While briefing continued in the Blom matter, the court granted summary judgment to Good Samaritan in two of the other cases that were before the court. See Butts v. Evangelical Lutheran Good Samaritan Soc'y, Civ. No. 10-4063, ___ F. Supp. 2d ___, 2012 WL 426692 (D.S.D. Feb. 9, 2012); Jacobs ex rel. Estate of Jacobs v. Evangelical Lutheran Good Samaritan Soc'y, Civ. No. 10-4035, ___ F. Supp. 2d ___, 2012 WL 346670 (D.S.D. Feb. 2, 2012). In the South Dakota Butts case the court concluded that the action could not proceed because, for several reasons, the Minnesota Butts decision was res judicata. Butts, 2012 WL 426692, at *2-3. The court determined that res judicata applied because both actions included the same parties or their privies, the same set of underlying facts, there was a judgment on the merits in Minnesota, and the parties had a full and fair opportunity to litigate their claims. Id. at *3-5. Good Samaritan now moves to dismiss this action based on res judicata.


The standard of review for a motion to dismiss filed under Fed. R. Civ. P. 12(b)(6) or 12(c) is the same. Westcott v. City of Omaha, 901 F.2d 1486, 1488 (8th Cir. 1990). Federal Rule of Procedure 12(b)(6)*fn1 provides that dismissal is appropriate for "failure to state a claim upon which relief can be granted[.]" Fed. R. Civ. P. 12(b)(6). The court will assume that all facts alleged in the complaint are true "no matter how skeptical the court may be." Ashcroft v. Iqbal, 556 U.S. 662, 129 S. Ct. 1937, 1959 (2009) (citing Bell Atl. Corp. v. Twombly, 550 U.S. 544, 555 (2007)). The court construes "the complaint liberally in the light most favorable to the plaintiff." Eckert v. Titan Tire Corp., 514 F.3d 801, 806 (8th Cir. 2008) (citation omitted).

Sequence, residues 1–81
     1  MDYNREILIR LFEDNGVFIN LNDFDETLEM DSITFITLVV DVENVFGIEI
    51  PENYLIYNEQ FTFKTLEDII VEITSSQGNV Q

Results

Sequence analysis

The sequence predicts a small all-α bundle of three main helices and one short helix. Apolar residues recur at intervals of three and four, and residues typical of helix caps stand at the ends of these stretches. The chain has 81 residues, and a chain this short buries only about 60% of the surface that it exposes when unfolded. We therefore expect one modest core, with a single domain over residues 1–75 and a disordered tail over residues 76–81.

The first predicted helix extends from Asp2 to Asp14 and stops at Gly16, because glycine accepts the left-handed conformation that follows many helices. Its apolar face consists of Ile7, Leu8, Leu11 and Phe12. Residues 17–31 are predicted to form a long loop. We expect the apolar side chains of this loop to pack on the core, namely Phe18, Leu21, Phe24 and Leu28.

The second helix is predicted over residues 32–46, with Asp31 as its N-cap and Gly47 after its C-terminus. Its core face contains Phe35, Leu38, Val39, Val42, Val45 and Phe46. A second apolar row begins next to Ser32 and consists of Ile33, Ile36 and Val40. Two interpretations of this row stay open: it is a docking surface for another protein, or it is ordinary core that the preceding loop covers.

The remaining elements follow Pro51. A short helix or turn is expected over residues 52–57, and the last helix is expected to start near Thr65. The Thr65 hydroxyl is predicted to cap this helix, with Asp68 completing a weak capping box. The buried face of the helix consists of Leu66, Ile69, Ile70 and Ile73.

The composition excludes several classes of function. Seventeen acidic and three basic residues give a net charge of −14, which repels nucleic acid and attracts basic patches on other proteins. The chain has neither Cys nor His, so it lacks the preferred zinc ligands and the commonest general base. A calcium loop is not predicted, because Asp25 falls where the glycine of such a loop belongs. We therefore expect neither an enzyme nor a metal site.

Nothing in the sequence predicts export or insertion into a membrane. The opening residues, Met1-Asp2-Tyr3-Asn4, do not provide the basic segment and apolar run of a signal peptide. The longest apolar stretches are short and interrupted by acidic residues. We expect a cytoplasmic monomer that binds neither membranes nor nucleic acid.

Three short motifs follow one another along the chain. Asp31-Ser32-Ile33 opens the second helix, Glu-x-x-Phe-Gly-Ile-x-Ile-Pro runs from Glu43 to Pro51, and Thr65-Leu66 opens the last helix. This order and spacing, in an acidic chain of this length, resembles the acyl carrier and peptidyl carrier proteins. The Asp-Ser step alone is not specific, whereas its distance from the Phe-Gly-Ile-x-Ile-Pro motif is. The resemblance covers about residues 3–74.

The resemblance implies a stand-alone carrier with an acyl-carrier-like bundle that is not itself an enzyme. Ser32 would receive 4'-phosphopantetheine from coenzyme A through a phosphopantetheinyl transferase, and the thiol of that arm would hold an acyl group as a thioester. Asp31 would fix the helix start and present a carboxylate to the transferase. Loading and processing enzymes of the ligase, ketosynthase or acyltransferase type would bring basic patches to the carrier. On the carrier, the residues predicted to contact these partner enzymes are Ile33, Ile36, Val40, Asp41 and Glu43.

To survive a motion to dismiss, the complaint must " 'state a claim to relief that is plausible on its face.' " Iqbal, 129 S. Ct. at 1960 (citing Twombly, 550 U.S. at 570). The complaint must also contain factual allegations that raise the "right to relief above the speculative level . . . ." Parkhurst v. Tabor, 569 F.3d 861, 865 (8th Cir. 2009) (citation omitted). The court will, however, "reject conclusory allegations of law and unwarranted inferences." Silver v. H&R Block, Inc., 105 F.3d 394, 397 (8th Cir. 1997) (citation omitted). If "the allegations show on the face of the complaint that there is some insuperable bar to relief, dismissal under Rule 12(b)(6) is [still] appropriate." Benton v. Merrill Lynch & Co., 524 F.3d 866, 870 (8th Cir. 2008) (citation omitted).


I. Motion To Extend Deadlines

Good Samaritan moves for an extension of the court's scheduling order

mandating that all dispositive motions be filed by November 15, 2011, because the Minnesota Court of Appeals' decision became final and would have a substantial impact on this case. Blom claims that Good Samaritan cannot satisfy good cause or excusable neglect, and Good Samaritan's motion to extend should be denied in the interests of judicial economy.

Federal Rule of Civil Procedure 16 requires that the district court give a scheduling order that sets the deadlines for the various stages of litigation. See Fed. R. Civ. P. 16(b) (stating that the court must set deadlines to amend the pleadings, join additional parties, and file motions, and that the rule allows the court to set additional deadlines). A scheduling order "may be modified only for good cause and with the judge's consent." Fed. R. Civ. P. 16(b)(4). Whether the ...